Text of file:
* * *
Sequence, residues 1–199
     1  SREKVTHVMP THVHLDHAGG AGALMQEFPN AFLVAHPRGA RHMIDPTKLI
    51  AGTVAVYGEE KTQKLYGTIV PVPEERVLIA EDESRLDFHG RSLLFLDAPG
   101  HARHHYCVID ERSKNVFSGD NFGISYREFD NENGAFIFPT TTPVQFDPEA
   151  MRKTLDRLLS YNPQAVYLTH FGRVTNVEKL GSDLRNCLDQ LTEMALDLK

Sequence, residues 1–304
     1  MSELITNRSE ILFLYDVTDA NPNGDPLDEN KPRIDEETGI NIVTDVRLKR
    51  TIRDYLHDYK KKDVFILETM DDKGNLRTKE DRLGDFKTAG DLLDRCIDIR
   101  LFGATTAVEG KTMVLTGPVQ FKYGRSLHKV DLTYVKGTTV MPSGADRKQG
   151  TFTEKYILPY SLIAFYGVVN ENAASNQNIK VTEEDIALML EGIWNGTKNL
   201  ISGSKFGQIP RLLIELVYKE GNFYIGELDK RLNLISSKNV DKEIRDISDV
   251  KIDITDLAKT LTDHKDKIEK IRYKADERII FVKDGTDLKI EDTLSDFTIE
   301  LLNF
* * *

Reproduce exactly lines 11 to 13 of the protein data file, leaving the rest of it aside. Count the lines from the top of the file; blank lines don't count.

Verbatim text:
   201  ISGSKFGQIP RLLIELVYKE GNFYIGELDK RLNLISSKNV DKEIRDISDV
   251  KIDITDLAKT LTDHKDKIEK IRYKADERII FVKDGTDLKI EDTLSDFTIE
   301  LLNF